You have to wonder what the state of the videophone would have been today if the old Ma Bell had Apple's marketing verve. Time and again, consumer videophone technology has been hailed as ready for prime time, and time and time again it has failed to gain any traction.
There are lots of reasons why the technology has failed to connect with consumers, chief among them is its inability to transcend its gizmo status and create empathy for it. Apple's latest crop of ads for FaceTime -- its seductive name for its videophone technology on its new iPhone 4 -- does just that.
Each of the new ads captures the poignancy of some simple but emotionally charged moments in life -- a new haircut, new braces, a new baby, and a new grandchild. What makes the ads so powerful is their masterful production. We're not looking at a plug for just another gee-whiz gadget, but we feel we're looking through a window into the life of another person, one in a situation that we can all identify and emote with.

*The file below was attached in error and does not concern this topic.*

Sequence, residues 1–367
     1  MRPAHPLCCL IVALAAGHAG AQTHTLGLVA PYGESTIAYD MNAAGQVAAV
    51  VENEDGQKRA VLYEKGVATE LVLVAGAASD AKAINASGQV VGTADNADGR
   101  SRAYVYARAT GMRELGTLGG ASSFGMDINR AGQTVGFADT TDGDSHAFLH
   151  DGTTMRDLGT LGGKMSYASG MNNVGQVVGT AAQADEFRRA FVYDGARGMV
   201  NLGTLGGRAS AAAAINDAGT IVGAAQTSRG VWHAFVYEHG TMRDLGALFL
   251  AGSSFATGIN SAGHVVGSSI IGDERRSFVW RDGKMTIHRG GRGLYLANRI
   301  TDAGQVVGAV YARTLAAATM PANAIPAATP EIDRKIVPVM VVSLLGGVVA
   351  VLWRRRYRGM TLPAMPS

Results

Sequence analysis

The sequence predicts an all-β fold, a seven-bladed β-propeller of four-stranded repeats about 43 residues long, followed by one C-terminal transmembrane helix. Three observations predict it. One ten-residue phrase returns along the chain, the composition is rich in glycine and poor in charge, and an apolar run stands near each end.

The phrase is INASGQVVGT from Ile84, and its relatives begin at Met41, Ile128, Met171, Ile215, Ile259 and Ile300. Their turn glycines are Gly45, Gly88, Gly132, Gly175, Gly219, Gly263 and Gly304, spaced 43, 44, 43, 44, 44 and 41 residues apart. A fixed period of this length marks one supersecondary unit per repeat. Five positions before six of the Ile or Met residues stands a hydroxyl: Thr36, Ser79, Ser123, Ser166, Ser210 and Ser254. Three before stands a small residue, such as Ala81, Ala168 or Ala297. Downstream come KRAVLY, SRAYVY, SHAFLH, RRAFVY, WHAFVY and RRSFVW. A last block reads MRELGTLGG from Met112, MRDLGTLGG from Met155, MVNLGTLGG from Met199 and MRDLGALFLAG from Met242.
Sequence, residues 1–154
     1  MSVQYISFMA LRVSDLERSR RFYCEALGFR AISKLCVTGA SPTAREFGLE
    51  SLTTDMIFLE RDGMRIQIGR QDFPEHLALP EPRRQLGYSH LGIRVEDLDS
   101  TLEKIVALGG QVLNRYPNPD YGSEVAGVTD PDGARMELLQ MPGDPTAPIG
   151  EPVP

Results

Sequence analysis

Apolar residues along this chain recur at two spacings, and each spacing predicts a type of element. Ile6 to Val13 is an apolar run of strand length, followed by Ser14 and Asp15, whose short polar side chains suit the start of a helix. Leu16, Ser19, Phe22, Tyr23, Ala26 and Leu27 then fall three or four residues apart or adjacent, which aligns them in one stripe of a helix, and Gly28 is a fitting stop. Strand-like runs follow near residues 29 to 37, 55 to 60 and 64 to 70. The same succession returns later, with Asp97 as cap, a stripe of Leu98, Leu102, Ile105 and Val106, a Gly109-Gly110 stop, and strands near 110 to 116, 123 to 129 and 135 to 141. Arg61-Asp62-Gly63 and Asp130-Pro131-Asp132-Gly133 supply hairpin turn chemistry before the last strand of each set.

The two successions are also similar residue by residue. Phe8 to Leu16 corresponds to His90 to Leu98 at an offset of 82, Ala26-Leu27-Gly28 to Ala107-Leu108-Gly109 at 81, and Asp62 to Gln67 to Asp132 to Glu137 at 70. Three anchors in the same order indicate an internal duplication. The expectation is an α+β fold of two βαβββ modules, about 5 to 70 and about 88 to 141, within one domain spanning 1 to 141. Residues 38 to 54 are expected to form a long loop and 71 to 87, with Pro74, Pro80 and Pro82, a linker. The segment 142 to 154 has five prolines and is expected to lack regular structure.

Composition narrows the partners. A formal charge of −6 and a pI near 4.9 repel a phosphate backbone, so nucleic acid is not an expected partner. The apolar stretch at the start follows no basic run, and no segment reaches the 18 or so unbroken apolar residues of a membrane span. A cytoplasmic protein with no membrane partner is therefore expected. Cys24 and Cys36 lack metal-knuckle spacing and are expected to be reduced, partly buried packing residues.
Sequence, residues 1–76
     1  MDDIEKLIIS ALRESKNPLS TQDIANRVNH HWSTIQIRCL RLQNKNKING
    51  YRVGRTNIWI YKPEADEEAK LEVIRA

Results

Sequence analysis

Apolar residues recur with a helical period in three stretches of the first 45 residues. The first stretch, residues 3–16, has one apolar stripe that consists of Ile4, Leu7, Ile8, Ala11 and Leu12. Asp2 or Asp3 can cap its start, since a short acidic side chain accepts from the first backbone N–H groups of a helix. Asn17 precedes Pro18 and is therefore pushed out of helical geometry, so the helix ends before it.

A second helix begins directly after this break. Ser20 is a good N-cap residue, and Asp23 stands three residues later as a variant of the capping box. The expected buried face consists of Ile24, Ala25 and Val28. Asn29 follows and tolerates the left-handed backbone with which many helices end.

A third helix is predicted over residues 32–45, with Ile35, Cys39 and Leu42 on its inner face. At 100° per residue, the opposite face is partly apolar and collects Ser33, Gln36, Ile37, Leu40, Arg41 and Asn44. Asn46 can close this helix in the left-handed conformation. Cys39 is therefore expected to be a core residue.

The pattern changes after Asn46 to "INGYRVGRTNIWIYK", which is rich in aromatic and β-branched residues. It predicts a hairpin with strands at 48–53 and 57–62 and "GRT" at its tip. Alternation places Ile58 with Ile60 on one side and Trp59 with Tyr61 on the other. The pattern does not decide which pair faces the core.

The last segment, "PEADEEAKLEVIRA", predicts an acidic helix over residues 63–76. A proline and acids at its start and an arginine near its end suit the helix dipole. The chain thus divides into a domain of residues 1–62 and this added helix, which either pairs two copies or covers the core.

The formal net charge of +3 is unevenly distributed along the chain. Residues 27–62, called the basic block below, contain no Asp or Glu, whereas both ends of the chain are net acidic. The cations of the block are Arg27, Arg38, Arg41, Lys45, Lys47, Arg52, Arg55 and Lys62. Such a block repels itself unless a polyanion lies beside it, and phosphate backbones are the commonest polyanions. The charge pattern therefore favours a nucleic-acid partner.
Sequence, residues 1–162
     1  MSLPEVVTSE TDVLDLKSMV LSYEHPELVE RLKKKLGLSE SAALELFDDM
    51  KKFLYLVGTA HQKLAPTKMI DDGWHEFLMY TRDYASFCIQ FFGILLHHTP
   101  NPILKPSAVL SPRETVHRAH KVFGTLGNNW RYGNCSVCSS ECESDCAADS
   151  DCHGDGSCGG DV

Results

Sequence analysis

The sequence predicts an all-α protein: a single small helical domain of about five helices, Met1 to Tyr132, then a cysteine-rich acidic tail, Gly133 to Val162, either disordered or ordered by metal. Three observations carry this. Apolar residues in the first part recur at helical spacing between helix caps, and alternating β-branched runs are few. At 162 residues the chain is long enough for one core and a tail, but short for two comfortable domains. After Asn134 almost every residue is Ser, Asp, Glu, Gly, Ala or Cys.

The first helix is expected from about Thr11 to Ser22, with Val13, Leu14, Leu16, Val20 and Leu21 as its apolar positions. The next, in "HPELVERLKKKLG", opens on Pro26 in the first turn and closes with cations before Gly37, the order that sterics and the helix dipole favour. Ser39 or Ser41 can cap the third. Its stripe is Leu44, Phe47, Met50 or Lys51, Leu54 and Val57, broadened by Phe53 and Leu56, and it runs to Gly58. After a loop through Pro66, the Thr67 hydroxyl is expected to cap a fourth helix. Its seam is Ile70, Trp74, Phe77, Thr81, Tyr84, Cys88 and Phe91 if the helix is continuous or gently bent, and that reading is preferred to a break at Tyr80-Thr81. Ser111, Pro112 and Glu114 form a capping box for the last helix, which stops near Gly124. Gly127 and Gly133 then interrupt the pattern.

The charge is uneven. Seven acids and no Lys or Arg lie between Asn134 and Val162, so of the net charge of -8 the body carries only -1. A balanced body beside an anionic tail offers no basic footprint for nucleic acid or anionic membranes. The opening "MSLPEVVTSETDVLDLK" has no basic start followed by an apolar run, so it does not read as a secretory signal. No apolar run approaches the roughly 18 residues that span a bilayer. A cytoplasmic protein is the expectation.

The ads play the heartstrings so well that questions aren't likely to pop up like what kind of wife tells her husband they're going to have a baby over phone, or who installed grandpa's Wi-Fi network so he could use a state-of-the-art phone? Nevertheless, if past video phone makers knew how to connect like these Apple ads do, video phones would be in the mainstream now and not in some telco backwater.